About 10,000 cardiac arrests happen in workplaces each year, according to the American Heart Association. Using an automatic external defibrillator can increase the chance of survival.

Do you know where your workplace’s automated external defibrillator is located? About half of all U.S. employees don’t, according to the results of an American Heart Association survey.

The survey also found that workers in the hospitality and service industry, which includes hotels and restaurants, were less likely to know the location of their workplace’s AED. About 66 percent of them didn’t know where it was. Workers in schools and other education facilities were the most likely to be able to find it: About 61 percent said they knew the AED’s location.

However, the survey didn’t follow up and ask whether the workplace had an AED, and also didn’t try to distinguish between who didn’t know where the AED was and those who didn’t know if there was an AED on site. That makes the findings less clear.

For every minute that you’re in cardiac arrest, you’re pulseless, your [chance of ] survival drops by 10 percent

An AED checks the heart’s rhythm and can send an electric shock to the heart to try to restore a normal rhythm.

More than 350,000 cardiac arrests take place in the U.S. in locations other than hospitals each year, according to the American Heart Association. In 2015, Nancy Holland, a resident of Leawood, Kan., became one of them.

She went into cardiac arrest in the restroom of a restaurant where she had been eating dinner with her husband. The restaurant’s manager performed CPR until paramedics arrived with an AED.

Holland says she’s lucky the restaurant’s manager knew CPR, because it kept her “salvageable” until the paramedics showed up. When he started working as a restaurant manager, she says, his mom had told him he owed it to the customers to learn CPR — just in case.

Now whenever she walks into a building, she scans the walls looking for an AED.

“I hope I never need it, but it’s always in the back of my mind,” Holland says.

She also gives talks about the importance of CPR and AED training, emphasizing that cardiac arrest can happen to anyone.

Holland was in her 40s and didn’t have any health problems when she went into cardiac arrest. She had been to her doctor for a checkup just three weeks earlier.

And she’s now a board member of her local chapter of the HeartSafe Foundation, which provides free training in hands-only CPR and works to improve public access to AEDs.

She also says businesses should take precautions before an emergency happens.

About 10,000 cardiac arrests happen in workplaces each year, the AHA says.

More than half of employees — about 55 percent — aren’t offered first aid or CPR/AED training through their employer, the American Heart Association survey found. And sometimes employees have access to only one form of training.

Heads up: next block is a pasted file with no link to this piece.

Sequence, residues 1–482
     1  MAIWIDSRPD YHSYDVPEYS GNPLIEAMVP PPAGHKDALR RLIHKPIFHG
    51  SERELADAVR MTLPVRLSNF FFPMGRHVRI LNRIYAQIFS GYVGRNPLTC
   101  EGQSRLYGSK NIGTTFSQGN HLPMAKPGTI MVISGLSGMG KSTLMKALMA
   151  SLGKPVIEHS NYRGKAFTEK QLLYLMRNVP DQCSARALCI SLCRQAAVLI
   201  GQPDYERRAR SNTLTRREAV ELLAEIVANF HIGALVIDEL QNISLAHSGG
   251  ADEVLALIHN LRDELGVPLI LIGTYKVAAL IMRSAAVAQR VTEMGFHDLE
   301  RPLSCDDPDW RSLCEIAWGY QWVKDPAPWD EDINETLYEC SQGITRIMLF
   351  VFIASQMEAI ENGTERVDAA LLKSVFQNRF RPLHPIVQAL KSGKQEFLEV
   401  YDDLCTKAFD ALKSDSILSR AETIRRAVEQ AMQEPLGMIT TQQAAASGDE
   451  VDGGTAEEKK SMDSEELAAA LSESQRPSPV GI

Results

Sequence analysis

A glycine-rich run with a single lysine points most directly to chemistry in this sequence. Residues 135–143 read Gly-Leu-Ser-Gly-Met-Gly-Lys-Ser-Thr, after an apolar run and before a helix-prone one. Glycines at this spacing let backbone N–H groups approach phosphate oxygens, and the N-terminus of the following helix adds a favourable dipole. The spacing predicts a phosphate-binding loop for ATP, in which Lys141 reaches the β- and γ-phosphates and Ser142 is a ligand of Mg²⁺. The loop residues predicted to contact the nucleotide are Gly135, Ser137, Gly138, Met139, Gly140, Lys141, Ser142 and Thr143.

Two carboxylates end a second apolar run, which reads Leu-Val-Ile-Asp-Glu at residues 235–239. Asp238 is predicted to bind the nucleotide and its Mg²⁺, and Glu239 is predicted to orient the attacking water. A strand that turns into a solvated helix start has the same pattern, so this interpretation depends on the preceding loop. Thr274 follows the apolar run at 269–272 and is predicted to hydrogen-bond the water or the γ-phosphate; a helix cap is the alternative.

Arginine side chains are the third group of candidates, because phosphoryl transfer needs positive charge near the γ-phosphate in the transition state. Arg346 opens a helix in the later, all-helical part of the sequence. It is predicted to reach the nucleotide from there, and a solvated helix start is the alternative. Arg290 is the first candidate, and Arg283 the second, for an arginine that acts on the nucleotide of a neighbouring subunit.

But most of the 2,000 employees surveyed say their employers should offer first aid and CPR/AED training. Ninety percent say they would participate in training if their employers provided them.

Cost and fear of liability are two reasons that businesses don’t install AEDs.

A typical AED costs about $1,200 to $1,500 and prices have gone down over time as the technology becomes more widespread. Machines that once cost $3,000 now run under $1,000, according to the National Conference of State Legislatures, which tracks the passage of laws related to AEDs.

When it comes to legal liability if an AED is used improperly and someone is injured or killed, in most states you’re protected by law.

In addition, AEDs have a built-in mechanism for analyzing heart rhythms and evaluating whether a shock is needed.

But AEDs do need to be maintained in order to be effective. Batteries should be replaced every two to five years, depending on the model. And the sticky pads that adhere to a cardiac arrest victim’s skin also come with expiration dates and need to be replaced about every two to three years.

The Occupational Safety and Health Administration doesn’t require workplaces to have AEDs, but it does encourage employers to have them on-site.

Click here to learn more about choosing the right AED for your business

 

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Sources: https://www.npr.org/sections/health-shots/2017/06/19/533269211/can-you-find-the-defibrillator-at-work-half-of-people-say-no

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“Second chance at life:” Daughter uses CPR to save life of father in cardiac arrest

A 26-year-old lifeguard trained in CPR saved her father’s life

A 59-year-old Town of Farmington man was hosting a family gathering at his Green Lake home on Friday when he became unresponsive.

The man had no prior cardiac history.

His stepdaughter recognized the signs of cardiac distress and started CPR.

“The early intervention of CPR by the stepdaughter provided the critical time needed to get first responders on scene with the AED. Thanks to her, this man has a second chance at life.” Washington County Sheriff Martin Schulteis said. “Stories like this clearly demonstrate the importance for everyone to know basic CPR. One day you may need it to save a loved one, just as this stepdaughter did.”

The man regained consciousness before he was transported to the hospital.

The family said the man has recovered and is set to be released today.

Call Now to speak with a Green Guard CPR/First Aid Specialist

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Source:https://www.cbs58.com/news/second-chance-at-life-daughter-uses-cpr-to-save-life-of-father-in-cardiac-arrest


Less Than 20% Of Americans Are CPR Certified – Is Your Team Ready To Save A Life?

CPR/First Aid Training – Corporate and Group Classes

Green Guard offers weekly CPR classes for companies and groups, Green Guard’s CPRAED and First Aid training program will help employers meet OSHA and other federal and state regulatory requirements for training employees how to respond and care for medical emergencies at work.

This 2-year certification course conforms to the 2015 AHA Guidelines Update for CPR and ECC, and the 2015 AHA and ARC Guidelines Update for First Aid.

Looking for a Team Building opportunity? Learn to save a life while providing a great team building exercise.

Schedule Your Class Now

Call Now to speak with a Green Guard CPR/First Aid Training Specialist

Click Here to learn more about CPR/First Aid training